The closest village is Kalbar , where German immigrant farmers settled in the 1870s. The village is known for its pioneering heritage, historic buildings, welcoming cafes, pubs, provedores and bakeries.

During the golden hour, I strolled along the main road, photographing historic buildings against the stunning backdrop of mountains. I was enraptured with the historic cemetery, where the residents are literally pushing up daisies or at least purple flowers. I’d never before seen such an evocative resting place.

I dined at the historic Royal Hotel and can vouch for roast sweet potato salad, although Channel 7’s WEEKENDER rated the parmi as one of the best!). Channel 7’s WEEKENDER

Sadly, the shops were closed, but if you were there earlier, visit The Emporium in the historic Wiss Building, an antique store that emulates the feel of an old-fashioned General Store. And stock up at Lovett’s, a famous country bakery , Butcher Co (Tara had left me some of their brilliant bacon and sausages in my breakfast hamper), and the Scenic Rim Fruit & Veg shop with its stunning displays where you can pre-order a box of fruit and vegetables to take home.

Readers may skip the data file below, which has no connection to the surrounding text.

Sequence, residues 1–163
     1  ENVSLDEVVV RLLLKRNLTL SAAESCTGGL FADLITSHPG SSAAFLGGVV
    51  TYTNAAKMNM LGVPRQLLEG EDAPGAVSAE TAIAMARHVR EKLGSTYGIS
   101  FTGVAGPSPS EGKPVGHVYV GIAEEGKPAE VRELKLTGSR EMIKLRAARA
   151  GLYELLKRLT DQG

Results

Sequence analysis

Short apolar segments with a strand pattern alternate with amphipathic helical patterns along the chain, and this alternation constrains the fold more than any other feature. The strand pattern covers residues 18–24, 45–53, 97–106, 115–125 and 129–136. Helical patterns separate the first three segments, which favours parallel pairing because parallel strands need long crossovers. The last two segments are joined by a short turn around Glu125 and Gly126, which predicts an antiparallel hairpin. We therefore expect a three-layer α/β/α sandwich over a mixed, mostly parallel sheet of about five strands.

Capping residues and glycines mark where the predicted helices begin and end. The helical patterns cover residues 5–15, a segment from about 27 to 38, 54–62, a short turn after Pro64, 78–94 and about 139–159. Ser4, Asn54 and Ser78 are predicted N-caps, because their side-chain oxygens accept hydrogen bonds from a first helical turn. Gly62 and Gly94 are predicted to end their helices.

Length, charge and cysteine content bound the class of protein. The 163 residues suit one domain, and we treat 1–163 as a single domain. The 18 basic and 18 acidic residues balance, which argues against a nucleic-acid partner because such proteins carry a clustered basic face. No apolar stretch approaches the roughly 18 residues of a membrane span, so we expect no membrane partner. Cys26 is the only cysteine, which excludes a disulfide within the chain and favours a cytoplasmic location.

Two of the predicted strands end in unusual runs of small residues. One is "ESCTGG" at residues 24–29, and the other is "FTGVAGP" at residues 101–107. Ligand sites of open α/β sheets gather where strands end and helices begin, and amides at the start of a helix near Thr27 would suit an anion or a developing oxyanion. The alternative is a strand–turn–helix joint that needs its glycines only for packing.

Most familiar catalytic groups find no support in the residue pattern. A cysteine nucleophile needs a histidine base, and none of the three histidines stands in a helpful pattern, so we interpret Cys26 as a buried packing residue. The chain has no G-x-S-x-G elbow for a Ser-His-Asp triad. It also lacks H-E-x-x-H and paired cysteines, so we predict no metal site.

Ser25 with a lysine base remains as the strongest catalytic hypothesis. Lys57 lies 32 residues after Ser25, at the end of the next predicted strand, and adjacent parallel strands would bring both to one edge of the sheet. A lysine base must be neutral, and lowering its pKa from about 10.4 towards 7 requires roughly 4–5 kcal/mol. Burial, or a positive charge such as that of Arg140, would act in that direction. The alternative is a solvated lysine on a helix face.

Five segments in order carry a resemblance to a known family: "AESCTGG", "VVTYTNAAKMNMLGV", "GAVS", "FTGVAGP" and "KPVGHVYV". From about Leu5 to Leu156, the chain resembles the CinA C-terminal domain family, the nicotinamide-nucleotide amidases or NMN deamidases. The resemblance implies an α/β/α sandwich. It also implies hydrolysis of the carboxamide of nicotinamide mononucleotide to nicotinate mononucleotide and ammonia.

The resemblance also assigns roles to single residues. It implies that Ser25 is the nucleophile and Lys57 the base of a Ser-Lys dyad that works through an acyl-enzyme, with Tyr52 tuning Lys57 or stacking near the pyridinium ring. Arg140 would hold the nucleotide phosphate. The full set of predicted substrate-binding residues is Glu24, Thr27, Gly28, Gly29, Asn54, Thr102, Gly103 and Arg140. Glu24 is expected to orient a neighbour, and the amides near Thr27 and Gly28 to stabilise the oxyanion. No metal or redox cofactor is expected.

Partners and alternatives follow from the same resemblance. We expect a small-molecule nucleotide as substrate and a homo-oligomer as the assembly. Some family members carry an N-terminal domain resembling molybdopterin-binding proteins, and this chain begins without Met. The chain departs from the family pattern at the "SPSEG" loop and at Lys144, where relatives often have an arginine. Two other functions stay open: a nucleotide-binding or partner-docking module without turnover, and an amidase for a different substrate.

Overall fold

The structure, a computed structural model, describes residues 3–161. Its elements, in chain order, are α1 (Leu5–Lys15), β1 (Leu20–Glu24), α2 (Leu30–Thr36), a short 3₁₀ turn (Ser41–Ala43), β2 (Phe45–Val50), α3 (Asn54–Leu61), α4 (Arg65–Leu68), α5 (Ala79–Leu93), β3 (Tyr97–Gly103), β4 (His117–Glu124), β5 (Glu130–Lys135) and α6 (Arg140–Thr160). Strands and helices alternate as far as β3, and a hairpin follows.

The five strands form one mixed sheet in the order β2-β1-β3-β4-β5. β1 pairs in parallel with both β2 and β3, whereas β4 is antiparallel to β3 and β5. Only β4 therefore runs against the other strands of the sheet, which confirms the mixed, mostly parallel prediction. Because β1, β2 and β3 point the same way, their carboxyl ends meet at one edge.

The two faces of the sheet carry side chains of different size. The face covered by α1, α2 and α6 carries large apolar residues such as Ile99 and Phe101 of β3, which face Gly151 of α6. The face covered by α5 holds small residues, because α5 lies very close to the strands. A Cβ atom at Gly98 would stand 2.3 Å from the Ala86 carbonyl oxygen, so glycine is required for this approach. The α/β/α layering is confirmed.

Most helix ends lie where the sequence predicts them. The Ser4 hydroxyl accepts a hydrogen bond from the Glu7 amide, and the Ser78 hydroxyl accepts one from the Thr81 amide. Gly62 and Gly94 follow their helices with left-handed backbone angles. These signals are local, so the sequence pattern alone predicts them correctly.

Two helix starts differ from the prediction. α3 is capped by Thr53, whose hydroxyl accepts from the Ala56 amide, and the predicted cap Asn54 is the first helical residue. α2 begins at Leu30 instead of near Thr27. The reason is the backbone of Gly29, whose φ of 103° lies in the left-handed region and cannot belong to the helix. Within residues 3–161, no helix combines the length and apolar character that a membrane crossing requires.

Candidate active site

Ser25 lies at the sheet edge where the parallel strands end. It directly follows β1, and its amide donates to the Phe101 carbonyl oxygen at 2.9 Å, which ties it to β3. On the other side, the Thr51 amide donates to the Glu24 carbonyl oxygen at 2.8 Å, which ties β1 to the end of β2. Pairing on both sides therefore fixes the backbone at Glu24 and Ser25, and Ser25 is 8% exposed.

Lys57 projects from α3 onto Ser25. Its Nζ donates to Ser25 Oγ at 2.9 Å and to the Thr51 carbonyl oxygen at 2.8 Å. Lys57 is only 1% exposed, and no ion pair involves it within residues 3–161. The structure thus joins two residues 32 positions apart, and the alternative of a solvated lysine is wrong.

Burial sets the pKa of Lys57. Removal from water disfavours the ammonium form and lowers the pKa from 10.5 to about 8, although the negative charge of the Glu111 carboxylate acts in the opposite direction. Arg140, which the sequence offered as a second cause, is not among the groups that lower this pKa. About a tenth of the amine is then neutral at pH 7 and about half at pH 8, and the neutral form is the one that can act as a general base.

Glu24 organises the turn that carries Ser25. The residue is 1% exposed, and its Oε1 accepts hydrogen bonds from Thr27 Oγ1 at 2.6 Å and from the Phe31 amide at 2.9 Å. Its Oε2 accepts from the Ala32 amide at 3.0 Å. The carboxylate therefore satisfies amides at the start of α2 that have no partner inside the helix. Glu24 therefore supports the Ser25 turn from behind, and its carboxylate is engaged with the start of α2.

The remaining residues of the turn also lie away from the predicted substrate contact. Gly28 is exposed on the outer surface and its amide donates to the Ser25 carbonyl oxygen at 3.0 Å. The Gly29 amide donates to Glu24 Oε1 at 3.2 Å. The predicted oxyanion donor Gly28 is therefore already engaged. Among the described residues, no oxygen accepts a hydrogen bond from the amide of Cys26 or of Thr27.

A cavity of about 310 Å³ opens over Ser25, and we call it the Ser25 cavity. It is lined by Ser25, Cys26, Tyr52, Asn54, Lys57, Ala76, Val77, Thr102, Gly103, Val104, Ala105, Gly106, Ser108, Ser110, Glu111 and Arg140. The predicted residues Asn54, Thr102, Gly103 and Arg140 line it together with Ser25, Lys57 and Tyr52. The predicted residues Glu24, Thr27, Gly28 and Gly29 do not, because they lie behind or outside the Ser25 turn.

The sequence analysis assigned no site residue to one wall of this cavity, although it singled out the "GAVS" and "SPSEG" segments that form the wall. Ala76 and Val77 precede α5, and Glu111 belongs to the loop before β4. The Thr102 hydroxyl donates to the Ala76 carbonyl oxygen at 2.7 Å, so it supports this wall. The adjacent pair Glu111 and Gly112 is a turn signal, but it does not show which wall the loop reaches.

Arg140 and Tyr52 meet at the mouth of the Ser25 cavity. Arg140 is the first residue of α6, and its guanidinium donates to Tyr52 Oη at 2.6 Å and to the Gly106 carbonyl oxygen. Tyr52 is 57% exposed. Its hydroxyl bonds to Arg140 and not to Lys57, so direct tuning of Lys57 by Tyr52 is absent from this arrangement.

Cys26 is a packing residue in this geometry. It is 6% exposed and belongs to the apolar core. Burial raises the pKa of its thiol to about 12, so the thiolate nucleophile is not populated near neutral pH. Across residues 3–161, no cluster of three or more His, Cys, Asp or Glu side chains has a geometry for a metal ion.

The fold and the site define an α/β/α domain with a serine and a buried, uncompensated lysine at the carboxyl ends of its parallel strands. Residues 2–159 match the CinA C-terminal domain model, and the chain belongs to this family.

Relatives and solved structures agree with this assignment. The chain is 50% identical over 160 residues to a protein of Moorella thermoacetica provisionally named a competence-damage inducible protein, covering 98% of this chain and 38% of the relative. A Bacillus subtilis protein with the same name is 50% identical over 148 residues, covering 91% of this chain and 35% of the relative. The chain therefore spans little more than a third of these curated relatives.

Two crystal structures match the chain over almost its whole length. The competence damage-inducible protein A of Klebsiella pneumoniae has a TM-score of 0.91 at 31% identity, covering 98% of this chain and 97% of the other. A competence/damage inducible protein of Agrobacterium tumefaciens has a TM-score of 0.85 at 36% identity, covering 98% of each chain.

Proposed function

Visiting the larger town of Boonah the next day, I fell in love with the Duck Junction boutique’s stunning array of clothes in natural fibres. Across the road, Rockalicious is a Rockabilly-themed retro-diner with a 50s black and white chequered floor and red booths. The staff wear swing skirts, and the range of ice cream is housemade. While sipping my Columbian coffee, I was presented with a 1950s Ladies Home Journal to flick through.

But the biggest hoot has to be the town’s community op-shop in a side street. The volunteers were having a CWA-worthy morning tea, which looked like an everyday occurrence. They were seated at a huge round table smack in the middle of the shop, and it seemed like half the town dropped in to join them.


Tara and Ian call their accommodation the Moogie Collection. They have three unique accommodation options on 19 acres of koala-protected bush habitat with abundant wildlife.


Moogie Glamp is the magical bespoke luxury eco tent retreat I stayed at, which would also be brilliant for couples.